The impact of the return interval on the estimation of systematic risk

Timothy J. Brailsford*, Thomas Josev

*Corresponding author for this work

Research output: Contribution to journalArticleResearchpeer-review

24 Citations (Scopus)


The estimation of systematic risk (or 'beta') is central to the implementation of the capital asset pricing model and the market model for both researchers and practitioners. It is well known that a variety of beta estimates can result for the one stock depending on various factors such as the calculation of returns, choice of the market index, sample period and length of the estimation period. In this paper, we are concerned with one such factor being the interval over which returns are measured. The impact of the return interval on the beta estimate is known as the 'interval effect'. There is only limited evidence on the impact of the interval effect outside the US equity market. As such, this paper first documents the impact of the effect in the Australian equity market. The initial results indicate that the beta estimates of high (low) capitalised firms fall (rise) as the return interval is lengthened. The paper then provides an understanding of the effect by testing the model proposed by [Hawawini, G., 1983. Why beta shifts as the return interval changes, Financial Analysts Journal 39, 73-77]. This model provides a prediction of the size and direction of change in the beta estimate as a result of changes in the return interval. The empirical results generally support the predictions. These findings have implications for the use of beta estimates in portfolio and risk management, measurement of abnormal returns and testing of asset pricing models.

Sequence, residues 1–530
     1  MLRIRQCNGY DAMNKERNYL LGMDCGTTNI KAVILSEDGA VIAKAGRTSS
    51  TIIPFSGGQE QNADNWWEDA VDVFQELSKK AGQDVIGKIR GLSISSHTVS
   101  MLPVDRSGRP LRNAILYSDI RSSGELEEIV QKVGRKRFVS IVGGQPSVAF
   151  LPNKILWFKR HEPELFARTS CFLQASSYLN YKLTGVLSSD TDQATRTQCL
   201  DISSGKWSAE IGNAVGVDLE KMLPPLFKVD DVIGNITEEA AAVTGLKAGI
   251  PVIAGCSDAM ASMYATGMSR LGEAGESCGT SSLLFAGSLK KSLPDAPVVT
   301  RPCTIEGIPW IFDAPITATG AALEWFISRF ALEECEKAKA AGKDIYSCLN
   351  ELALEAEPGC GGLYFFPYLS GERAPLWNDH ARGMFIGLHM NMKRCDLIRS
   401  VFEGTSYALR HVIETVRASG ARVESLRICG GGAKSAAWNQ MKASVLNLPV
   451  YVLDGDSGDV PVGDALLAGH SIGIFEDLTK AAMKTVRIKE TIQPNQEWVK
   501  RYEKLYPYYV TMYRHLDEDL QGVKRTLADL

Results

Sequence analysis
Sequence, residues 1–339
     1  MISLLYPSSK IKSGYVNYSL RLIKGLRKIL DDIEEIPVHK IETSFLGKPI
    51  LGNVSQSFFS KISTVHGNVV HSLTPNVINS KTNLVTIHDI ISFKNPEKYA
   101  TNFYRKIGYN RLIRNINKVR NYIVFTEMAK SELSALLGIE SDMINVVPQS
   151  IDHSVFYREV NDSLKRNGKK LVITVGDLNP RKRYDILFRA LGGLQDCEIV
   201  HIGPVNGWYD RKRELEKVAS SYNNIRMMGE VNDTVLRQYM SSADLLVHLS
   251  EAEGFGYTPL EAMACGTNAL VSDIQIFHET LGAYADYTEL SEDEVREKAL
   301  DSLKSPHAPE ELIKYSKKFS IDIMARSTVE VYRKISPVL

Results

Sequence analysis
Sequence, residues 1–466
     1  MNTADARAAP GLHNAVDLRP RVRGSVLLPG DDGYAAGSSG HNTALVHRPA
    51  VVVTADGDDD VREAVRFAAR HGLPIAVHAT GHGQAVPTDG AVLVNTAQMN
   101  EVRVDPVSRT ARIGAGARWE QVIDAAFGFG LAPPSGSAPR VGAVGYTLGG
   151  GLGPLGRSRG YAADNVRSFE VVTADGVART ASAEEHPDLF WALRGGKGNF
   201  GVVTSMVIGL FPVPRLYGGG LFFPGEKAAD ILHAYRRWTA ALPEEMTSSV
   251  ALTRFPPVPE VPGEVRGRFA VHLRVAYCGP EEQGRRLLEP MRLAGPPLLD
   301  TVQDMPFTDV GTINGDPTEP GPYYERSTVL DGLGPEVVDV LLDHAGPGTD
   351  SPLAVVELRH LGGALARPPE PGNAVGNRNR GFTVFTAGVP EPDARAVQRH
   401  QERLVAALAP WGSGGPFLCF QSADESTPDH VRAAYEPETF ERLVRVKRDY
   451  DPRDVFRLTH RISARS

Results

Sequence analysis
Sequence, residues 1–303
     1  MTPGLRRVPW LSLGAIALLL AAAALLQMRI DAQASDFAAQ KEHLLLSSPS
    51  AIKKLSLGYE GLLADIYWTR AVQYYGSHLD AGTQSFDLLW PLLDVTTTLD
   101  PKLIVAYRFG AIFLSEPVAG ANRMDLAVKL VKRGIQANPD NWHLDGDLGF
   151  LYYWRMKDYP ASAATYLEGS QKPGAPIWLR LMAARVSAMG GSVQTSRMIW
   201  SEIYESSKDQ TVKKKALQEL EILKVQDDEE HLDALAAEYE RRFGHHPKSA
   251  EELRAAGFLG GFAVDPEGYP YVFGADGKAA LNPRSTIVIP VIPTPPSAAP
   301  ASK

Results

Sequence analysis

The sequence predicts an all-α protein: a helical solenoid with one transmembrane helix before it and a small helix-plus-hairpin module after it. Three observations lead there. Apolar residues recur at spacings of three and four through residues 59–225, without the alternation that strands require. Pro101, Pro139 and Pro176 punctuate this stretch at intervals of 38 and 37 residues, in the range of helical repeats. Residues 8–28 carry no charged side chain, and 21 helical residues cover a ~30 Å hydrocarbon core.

Original languageEnglish
Pages (from-to)357-376
Number of pages20
JournalPacific Basin Finance Journal
Issue number3
Publication statusPublished - Jul 1997
Externally publishedYes


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